GWINNETT COUNTY, Ga. (Gwinnett Daily Post) – Gwinnett County’s huge Rowen knowledge community is still on the drawing board, but it’s already gaining interest from companies looking to be a part of it.

The nearly 2,000-acre research-driven mixed-use development was announced just over a year ago. The project, which has drawn comparisons with North Carolina’s Research Triangle Park, is expected to generate 100,000 jobs.

Partnership Gwinnett’s vice president of economic development said the project, which will take place in eastern Gwinnett between Dacula and the Gwinnett-Barrow County line, is already garnering attention.

“We already have companies that have frankly already asked questions and we are already filling out RFPs, RFIs regarding submissions with companies on this particular site,” Carnes said.

The development, which will include housing and business options to support research-driven uses and jobs, is expected to focus on research in agriculture, environment and medicine.

Roman Dakare, Director of Economic Development for Gwinnett County, the research carried out at the site, which will have the benefit of being carried out midway between the research universities of Athens and Atlanta, will have a huge impact.

“Multiple scientific disciplines come together to create this community that will affect not only Gwinnett County fiscally and economically, but also the research and innovations that come from this site in their respective disciplines,” he said. .

Dakare said the first step towards companies starting to build on the property has already been taken as the county council of commissioners approved an extension of the sewer lines to the property. It’s something Dakare describes as the “first domino” to fall.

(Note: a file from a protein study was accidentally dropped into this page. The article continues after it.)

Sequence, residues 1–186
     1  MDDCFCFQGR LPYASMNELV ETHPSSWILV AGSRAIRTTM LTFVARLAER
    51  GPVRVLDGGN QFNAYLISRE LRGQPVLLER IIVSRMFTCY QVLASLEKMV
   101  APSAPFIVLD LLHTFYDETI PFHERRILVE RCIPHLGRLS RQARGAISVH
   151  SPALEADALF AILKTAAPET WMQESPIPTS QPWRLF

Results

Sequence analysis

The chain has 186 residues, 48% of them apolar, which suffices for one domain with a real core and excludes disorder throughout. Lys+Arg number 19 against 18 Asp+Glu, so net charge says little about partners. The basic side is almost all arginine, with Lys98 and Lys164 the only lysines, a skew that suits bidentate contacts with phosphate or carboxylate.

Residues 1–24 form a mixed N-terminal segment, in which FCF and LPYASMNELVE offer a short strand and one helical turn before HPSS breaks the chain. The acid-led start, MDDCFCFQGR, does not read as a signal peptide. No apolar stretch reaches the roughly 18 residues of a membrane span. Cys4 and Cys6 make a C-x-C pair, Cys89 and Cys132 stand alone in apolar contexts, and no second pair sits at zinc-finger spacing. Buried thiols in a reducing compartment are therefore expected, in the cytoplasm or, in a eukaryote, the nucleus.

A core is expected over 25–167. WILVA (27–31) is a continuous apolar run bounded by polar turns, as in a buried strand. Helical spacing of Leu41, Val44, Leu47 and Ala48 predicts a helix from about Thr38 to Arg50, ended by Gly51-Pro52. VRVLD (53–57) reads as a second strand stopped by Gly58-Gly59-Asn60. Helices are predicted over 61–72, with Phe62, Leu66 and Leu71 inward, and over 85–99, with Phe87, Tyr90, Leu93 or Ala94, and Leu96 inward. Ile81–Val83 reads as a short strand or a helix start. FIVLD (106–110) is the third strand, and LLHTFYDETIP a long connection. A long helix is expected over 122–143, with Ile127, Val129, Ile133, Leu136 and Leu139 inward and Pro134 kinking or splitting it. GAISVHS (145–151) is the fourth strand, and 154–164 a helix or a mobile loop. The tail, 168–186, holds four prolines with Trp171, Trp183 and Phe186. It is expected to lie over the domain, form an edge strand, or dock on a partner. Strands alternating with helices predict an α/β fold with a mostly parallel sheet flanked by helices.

Work on the sewer lines is expected to start next year.

“With this expected to be completed by 2024, we expect developments to begin as soon as the sewage services that enable the development of our research facilities and commercial buildings are put in place,” a- he declared.

Carnes agreed that extending the sewer lines to the property – which is mostly land that has never been developed – is crucial to get the project started. After that, it will take decades to build research facilities as well as housing options for people working in Rowen and commercial options for them to shop.

“Obviously one of the great things is that we have to put sewers there, we need the infrastructure there first and foremost,” Carnes said. “But, these companies understand it and it’s going to become a community of knowledge.

“I mean, think of Research Triangle Park, or RTP. Think of a more modern RTP.

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